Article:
[PyAR2] PyAR2 Digest, Vol 14, Issue 1

W W srilyk at gmail.com
Thu Dec 11 16:35:56 CET 2008

On Thu, Dec 11, 2008 at 8:33 AM, <paul.hermeneutic at gmail.com> wrote:

> <snip>I assume that you are going to run the submitted code to see that
> correct results are produced.  As the challenges get more complex, it
> will become more difficult to ensure that no one has sent any
> malicious code.

Indeed - even with the ease of which you can /usually/ tell, that's not
always the case. One doesn't just have to use the os module to do some wonky
things. Although using a linux account with specific permissions (or a
virtual env) is an easy way to get most things secure, it's not foolproof.
And as most programmers know, if you make something foolproof, the universe
makes a better fool ;)

> Is there already, or could we create, an automated system where users
> could upload their source code?  I have seen such web sites for C/C++
> code.  The system must first ensure that the code is not malicious.
> This alone might be significant effort.  It would then then execute
> the code and assess the results.  Several metrics would be generated
> that would give an overview of the entry.
> Correctness of results

Depending on the challenge, unless the results are explicitly defined, you
can have problems even with this. After all, in my code I get the factors in
two different ways: by pair, and unique. I mentioned even the "tree" model.
Which one of these is correct or is each one? In the "assignment" it wasn't
explicitly declared.

Another question is what type should the results be returned as? A list of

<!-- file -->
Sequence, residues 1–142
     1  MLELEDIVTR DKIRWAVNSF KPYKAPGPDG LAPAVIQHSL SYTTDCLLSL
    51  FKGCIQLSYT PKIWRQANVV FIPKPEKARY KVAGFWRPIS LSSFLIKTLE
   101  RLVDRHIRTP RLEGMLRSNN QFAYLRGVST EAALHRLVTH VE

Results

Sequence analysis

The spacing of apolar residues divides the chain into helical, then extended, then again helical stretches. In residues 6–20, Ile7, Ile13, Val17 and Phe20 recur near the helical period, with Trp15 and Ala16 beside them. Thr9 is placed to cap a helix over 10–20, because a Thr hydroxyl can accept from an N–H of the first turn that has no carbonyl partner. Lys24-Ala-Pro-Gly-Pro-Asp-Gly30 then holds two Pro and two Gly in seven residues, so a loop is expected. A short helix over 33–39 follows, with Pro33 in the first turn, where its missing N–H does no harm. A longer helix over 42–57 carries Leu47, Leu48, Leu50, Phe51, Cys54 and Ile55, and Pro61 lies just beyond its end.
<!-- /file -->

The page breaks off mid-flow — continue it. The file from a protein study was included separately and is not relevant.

tuples? A list of integers? A string? A dictionary? Unicode? The hex
representation? The more complex the problem, the more opportunities for
interpretation, when the results aren't explicitly declared. And as always,
sample results are rather helpful. If you say: output should be an ordered
list of unique integers, i.e.

print factors => [1, 3, 5, 15]

Then it leaves little question if print factors=> [{'1':'15', '15':'1',
'3':'5', '5':'3'}] is a correct result. While both are lists of unique
factors, only one is /only/ a list of unique factors.

> Speed performance

Number of source code lines (LOC)
> Ratio of comments to LOC

All rather easy to generate (although it also leaves unanswered whether a
docstring counts as a comment, what the count is for end of line codes, i.e.
print x    # This should output a list of unique factors), etc.

> Are there other metrics by which source code can be evaluated?

One requires the "human touch" - but ease of understanding (for the most
perl-ish award). If your code has zero comments, that could be a good thing
- if you programmed it well.

Consider the following two statements:

print x

print factors

One of them you probably have no idea what it means, the other one you can
guess that it probably prints the factors. You may not know what type
factors /is/, but you can be fairly sure that it's some type of aggregation
of factors.

Anyhow... probably about 3¢ worth there ;)
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